Preparing to leave for the IXIM mission trip to Guatemala has inspired me to pray about the purpose of the trip and what will make it a success.
From our North American view, we might be tempted to say that the trip is successful if we have accomplished our task of building the water purification plant. We would know then that people will have clean water to drink, that fewer people will be ill, and that the community will see improvement in people’s energy levels. That is true, but that is not really our final goal.
Maybe we could say that the trip is successful if our medical clinics are able to see many patients. Then we could say that people’s lives have been improved because they are receiving the appropriate medicine and have a treatment plan, that their fears have been relieved or that they have learned that they need to see a special doctor in one of the bigger cities. That is true, but that is not really our final goal.
Maybe we could say that the trip is successful if our school team completed the fluoride treatment of the schoolchildren and that the teachers were able to teach the local teachers a few new skills to improve the teaching environment in their classrooms. Then the lives of the children would be improved through healthier teeth, better classroom settings, and improved teaching techniques. That is true, but that is not our final goal.
The success of our trip rests not in the good work that will happen, but in the relationships that will happen as the good work is being done. Those relationships will be the clear sign that the Catholic virtue of solidarity has taken place, for solidarity is the final goal of our mission trip. That is not as easy to see or evaluate as the work projects because it involves an internal change of heart – for both groups.
Solidarity is about valuing our fellow human beings and respecting who they are as individuals. As Pope Francis said, “The many situations of inequality, poverty and injustice, are signs not only of a profound lack of fraternity, but also of the absence of a culture of solidarity. New ideologies, characterized by rampant individualism, egocentrism and materialistic consumerism, weaken social bonds, fueling that throw-away mentality which leads to contempt for, and the abandonment of, the weakest and those considered useless.” Solidarity is a truly universal bond, linking together all human beings. This bond is much more than a “feeling of vague compassion or shallow distress”. It is in fact a commitment to the common good. Solidarity is what is meant in Ephesians when St. Paul writes that we are all “members one of another”. Therefore, the opposite of solidarity are things like inequality, exploitation and oppression, greed and selfishness.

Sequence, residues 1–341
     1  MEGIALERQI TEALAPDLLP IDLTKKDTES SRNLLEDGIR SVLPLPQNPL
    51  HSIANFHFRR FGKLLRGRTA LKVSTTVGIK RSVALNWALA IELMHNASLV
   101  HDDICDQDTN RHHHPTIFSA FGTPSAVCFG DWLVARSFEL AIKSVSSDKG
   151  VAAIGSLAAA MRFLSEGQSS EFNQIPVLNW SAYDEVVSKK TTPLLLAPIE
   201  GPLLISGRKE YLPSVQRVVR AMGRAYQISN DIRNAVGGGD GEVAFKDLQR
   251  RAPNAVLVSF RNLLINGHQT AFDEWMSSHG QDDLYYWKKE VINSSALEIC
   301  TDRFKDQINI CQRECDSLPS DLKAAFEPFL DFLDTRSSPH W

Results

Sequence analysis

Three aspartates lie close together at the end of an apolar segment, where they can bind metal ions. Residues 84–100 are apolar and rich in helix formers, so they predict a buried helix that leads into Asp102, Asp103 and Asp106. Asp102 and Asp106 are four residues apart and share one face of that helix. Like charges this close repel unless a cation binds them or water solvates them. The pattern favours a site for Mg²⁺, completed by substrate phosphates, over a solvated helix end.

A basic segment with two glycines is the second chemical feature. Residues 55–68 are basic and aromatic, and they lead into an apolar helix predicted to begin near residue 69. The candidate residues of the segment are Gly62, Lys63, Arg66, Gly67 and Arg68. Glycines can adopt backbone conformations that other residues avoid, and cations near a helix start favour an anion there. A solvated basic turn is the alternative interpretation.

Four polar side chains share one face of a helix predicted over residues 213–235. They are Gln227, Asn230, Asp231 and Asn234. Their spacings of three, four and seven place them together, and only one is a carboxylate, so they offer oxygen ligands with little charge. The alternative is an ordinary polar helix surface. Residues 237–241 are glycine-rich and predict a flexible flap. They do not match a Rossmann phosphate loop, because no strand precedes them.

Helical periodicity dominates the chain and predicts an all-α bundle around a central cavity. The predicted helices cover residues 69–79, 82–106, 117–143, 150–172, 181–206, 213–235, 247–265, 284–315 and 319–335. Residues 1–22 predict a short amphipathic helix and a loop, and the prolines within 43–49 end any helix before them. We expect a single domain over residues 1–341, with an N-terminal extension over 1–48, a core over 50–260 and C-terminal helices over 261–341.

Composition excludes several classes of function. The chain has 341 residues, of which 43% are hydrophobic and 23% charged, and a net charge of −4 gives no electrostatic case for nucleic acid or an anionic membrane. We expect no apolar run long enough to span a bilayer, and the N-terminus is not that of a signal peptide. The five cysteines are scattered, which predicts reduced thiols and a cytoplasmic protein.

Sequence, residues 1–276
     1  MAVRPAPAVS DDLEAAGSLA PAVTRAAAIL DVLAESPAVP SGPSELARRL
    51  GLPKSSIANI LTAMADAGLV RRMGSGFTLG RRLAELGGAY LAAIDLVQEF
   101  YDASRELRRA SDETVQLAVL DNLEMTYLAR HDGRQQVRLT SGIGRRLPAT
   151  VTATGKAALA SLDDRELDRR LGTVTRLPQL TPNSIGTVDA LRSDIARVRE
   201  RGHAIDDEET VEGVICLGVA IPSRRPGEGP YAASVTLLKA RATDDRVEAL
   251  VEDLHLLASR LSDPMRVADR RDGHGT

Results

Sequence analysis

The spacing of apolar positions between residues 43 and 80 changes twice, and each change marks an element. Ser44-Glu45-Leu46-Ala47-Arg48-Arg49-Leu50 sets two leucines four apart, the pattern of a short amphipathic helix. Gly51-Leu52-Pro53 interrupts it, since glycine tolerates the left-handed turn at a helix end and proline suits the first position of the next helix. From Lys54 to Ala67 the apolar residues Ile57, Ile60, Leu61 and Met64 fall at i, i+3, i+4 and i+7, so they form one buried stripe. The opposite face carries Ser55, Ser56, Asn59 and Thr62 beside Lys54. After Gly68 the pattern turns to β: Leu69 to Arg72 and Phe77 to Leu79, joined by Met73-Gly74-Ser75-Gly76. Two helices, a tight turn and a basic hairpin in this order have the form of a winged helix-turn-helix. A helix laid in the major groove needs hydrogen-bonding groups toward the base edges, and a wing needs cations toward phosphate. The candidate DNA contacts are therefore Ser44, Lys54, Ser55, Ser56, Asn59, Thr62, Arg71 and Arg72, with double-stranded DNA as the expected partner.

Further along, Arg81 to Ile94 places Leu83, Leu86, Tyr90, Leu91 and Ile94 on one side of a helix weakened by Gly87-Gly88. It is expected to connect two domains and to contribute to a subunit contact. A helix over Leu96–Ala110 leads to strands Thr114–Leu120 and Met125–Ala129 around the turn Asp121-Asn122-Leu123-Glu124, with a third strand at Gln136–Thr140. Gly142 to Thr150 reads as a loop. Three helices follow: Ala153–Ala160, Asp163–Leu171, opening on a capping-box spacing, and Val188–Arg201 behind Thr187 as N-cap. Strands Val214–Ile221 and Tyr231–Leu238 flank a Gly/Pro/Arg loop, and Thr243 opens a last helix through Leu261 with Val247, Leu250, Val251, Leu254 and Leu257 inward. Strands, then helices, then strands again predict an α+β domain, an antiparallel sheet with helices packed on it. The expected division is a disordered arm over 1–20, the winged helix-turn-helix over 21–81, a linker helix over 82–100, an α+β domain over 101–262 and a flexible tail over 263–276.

At the heart of solidarity is the life of Jesus, because it is through the incarnation that God is in a very real way in solidarity with us and that we are in solidarity with God. The life of Jesus as a human being lifts solidarity beyond the fellowship of people into something altogether more mystical. As Christians, we know that all of us are formed in the image of God; loving our neighbor then becomes an act of solidarity towards and with God. Every act of solidarity, understood in this light, becomes an act of communion with God; an action in which we transmit and reflect the love with which God loves the person and with which we love God.
The most recent popes have all encouraged us to live a life of solidarity. Pope John Paul often spoke about solidarity and it is a favorite topic of Pope Francis. Recently he said, “I would like to make an appeal to those in possession of greater resources, to public authorities and to all people of good will who are working for social justice: never tire of working for a more just world, marked by greater solidarity.”
Please keep us in your prayers during the next two weeks as we work to bring your love to the people of Guatemala – our brothers and sisters.